By Nadvia Davis –
More than 70 people gathered at the University of Minnesota Urban Research and Outreach Engagement Center (UROC) in North Minneapolis to kick-off the third in the series of networking events.
Several Minnesota commissioners and state leaders teamed up with the African American Leadership Forum (AALF) to host a discussion about the access and availability of jobs with the state for people of color. The purpose of the “Lead-In” networking events is to source potential talent and create business opportunities for underrepresented communities. Lead-In also provides a forum for building valuable relationships for government/community partnerships.
Executive director of AALF, Jeff Hassan, and chief inclusion officer for the state of Minnesota, James Burroughs, opened the event by detailing how the partnership could bring stability to Minnesota’s communities of color. Following the opening remarks, director of Strategic Workforce Initiatives, Emma Corrie, took to the podium and spoke about the importance of recruiting people of color in government positions.
“There is a very intentional effort here to increase the number of people of color in state government and to increase the number of contracts that go out to our communities to folks that look like us as well as to increase civic engagement,” said Corrie.
Tracey Gipson, the state’s executive recruiter, helped shift the gears by having community members and state leaders break off into more intimate discussion circles to elaborate on current job openings and give community members the opportunity to share their opinions and pose questions directly to the commissioners. Human Rights Commissioner Kevin Lindsey and Mary Finnegan, deputy commissioner of Iron Range Resources & Rehabilitation Board, and were among those in attendance representing the state.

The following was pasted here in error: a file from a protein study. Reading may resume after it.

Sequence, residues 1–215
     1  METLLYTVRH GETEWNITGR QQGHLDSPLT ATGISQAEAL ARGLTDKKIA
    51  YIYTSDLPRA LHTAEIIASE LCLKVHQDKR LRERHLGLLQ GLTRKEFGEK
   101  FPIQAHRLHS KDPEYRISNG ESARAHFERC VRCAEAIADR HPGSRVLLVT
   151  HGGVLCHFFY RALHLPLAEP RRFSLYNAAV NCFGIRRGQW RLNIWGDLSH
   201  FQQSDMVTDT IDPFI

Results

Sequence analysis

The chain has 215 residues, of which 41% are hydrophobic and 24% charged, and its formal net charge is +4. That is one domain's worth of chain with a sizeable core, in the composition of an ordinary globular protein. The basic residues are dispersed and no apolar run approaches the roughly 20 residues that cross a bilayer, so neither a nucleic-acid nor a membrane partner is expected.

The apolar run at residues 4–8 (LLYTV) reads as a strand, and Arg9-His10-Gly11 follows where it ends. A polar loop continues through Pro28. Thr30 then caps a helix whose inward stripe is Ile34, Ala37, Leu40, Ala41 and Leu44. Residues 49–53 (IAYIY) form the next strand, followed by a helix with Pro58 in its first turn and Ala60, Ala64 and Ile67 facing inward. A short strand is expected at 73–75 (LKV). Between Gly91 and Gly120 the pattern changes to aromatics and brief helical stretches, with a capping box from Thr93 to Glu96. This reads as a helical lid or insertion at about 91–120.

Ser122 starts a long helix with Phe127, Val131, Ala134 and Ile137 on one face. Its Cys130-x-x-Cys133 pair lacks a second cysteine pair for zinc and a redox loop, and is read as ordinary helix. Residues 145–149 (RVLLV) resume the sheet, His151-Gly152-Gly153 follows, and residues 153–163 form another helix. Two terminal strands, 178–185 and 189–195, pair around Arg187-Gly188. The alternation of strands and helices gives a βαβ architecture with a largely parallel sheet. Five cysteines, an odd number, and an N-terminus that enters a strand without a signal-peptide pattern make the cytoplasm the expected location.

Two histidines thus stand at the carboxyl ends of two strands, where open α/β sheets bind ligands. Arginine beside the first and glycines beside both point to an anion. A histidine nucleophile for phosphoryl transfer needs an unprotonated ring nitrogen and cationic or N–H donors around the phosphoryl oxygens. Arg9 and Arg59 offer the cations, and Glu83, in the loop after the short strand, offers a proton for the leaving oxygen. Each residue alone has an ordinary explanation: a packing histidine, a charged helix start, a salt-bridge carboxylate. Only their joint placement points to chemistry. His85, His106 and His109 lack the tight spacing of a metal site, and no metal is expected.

Bill English of the Northside Job Creation Team was quite vocal during one breakout discussion, stating there is a lack of coverage on ethnic focused issues by major news outlets. He said major news outlets could do a better job of leveraging their reputation to reach a broader ethnic population and help communicate the message that there is in fact a need for people of color in government positions.
“They (niche news outlets) can continue to do the job of being culturally specific for our community and bringing us news and information that the major media just simply won’t cover,” said English.
Burroughs interjected and responded to English’s comment.
“To that point, now we are working with Al (McFarlane and the Minnesota Multicultural Media Consortium) to identify Latino, Hmong and African-American papers (to communicate job openings). We want to intentionally spend our money on those publications, so that they become partners with large media outlets,” said Burroughs.
Lindsey said community members should “demand more from the legislature” when it comes to diversity and inclusion efforts in construction jobs with the state.
To close out the event, Burroughs said further discussion must take place around the issue of diversity hiring.
“We’ve got to engage with the community to make sure that we are doing the things we need to do and you (community members) need to know who we (state commissioners are hiring personnel) are,” said Burroughs.